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Vol 1, Issue 1, ISSN 2632-363X

Learning from Deaths: Implementing Structured Judgement Reviews across the West of England Dr Mark Juniper1, Kevin Hunter2, Melody Moxham3

Summary The West of England Academic Health Science Network has a strong patient safety portfolio. As part of our work on improving patient safety we partnered with the Royal College of Physicians in late 2016 to pilot, and be an early adopter of, their Structured Judgement Review (SJR) process. Using our experience in delivering collaborative projects, we approached all acute hospitals in the region to work together to improve the way we learn from deaths in healthcare. Our aim was to standardise the Mortality Review process, share learning, identify outcome themes and facilitate region-wide quality improvement (QI) initiatives.

Introduction The purpose of mortality review is to learn from deaths and to identify areas of practice that can be improved. Standardising this process enables organisations to compare data, to share the lessons they have learned and to establish improvement work more widely across the healthcare system. The Structured Judgement Review (SJR) methodology was developed by Professor Allen Hutchinson and validated in the Yorkshire & Humber AHSN by the Improvement Academy. The SJR process has been adopted by the Royal College of Physicians (RCP) to standardise the approach to mortality review in all hospitals under the National Mortality Case Record Review (NMCRR) programme. The West of England AHSN worked with the RCP and the Improvement Academy to roll out the SJR process across all acute hospitals in the West of England.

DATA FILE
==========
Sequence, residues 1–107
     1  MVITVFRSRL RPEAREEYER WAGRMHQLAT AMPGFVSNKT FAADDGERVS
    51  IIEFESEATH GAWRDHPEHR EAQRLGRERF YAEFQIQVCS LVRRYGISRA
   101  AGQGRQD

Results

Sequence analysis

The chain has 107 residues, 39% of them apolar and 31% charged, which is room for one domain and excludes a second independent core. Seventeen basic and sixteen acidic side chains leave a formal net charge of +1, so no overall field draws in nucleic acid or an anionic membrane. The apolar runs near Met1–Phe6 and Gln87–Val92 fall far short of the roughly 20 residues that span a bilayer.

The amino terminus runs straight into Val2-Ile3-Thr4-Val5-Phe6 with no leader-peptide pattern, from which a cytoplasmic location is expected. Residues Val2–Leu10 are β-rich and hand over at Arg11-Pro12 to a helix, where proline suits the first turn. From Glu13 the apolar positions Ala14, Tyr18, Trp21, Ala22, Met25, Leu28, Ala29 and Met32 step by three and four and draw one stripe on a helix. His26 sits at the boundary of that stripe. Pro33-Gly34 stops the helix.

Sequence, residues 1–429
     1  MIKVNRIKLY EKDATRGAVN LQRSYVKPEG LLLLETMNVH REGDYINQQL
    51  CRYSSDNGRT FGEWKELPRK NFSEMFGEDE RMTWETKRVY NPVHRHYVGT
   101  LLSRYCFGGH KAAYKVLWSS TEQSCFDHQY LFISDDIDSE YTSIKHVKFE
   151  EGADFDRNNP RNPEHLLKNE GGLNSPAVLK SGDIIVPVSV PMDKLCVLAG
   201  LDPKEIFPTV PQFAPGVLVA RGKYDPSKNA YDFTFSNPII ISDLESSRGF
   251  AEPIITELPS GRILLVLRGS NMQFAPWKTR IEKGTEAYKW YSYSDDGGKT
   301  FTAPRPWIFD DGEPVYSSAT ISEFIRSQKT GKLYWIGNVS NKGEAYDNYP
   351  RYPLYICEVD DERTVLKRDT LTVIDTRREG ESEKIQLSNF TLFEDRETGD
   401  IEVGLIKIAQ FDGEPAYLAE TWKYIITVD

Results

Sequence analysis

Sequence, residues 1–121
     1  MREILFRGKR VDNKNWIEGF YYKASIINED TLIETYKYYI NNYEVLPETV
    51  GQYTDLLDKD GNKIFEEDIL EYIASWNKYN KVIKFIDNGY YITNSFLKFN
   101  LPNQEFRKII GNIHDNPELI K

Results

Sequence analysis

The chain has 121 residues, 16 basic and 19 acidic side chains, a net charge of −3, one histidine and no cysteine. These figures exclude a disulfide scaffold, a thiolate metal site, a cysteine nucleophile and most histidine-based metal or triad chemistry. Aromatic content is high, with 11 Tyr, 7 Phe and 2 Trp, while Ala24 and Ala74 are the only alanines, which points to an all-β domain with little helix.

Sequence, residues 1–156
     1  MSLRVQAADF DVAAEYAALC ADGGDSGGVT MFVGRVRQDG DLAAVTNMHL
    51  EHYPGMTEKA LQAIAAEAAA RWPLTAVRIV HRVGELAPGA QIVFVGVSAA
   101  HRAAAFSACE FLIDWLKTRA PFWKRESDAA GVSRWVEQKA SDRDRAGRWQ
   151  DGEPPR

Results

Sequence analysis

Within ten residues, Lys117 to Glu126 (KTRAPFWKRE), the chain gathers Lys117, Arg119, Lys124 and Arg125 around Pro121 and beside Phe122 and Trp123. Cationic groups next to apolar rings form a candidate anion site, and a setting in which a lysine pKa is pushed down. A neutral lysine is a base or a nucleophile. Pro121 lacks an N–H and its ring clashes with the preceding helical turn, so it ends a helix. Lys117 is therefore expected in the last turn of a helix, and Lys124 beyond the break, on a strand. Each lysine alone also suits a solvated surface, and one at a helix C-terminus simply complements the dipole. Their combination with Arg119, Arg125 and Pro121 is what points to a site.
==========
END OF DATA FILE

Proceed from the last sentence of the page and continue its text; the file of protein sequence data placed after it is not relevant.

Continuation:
Methods The West of England AHSN used a collaborative approach to adopt a region-wide

SJR process. We used the Institute for Healthcare Improvement Breakthrough Series Methodology, and launched our Collaborative in September 2016. We established a network which involved senior leaders from all organisations. They initially met together and shared their established processes for mortality reviews. All organisations agreed to work together to establish SJR as a common methodology. Non-executive and Executive Directors were invited to initial meetings to ensure organisational buy-in at a senior level. All Trusts were involved from the outset, but a step-wise approach was taken with three trusts acting as early implementers, to refine the methodology, to understand some of the barriers to implementation and to gain confidence in the use of SJR. Regular contact between the leads was established in the form of a monthly telephone conference and a quarterly face-to-face meeting. Initially this involved sharing the challenges faced and how these had been best overcome.

Consultant in Respiratory and Intensive Care Medicine at The Great Western Hospital in Swindon, Clinical co-ordinator (Medicine) at National Confidential Enquiry into Patient Outcome and Death (NCEPOD) since 2012

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2

Head of Patient Safety & Programme Delivery, West of England AHSN

3

Patient Safety team, West of England AHSN

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Patient Safety Journal Vol 1, Issue 1  

This is a record of the proceedings and learning shared at the Bristol Patient Safety Conference. The Journal's purpose is to improve safety...

Patient Safety Journal Vol 1, Issue 1  

This is a record of the proceedings and learning shared at the Bristol Patient Safety Conference. The Journal's purpose is to improve safety...

Profile for munglani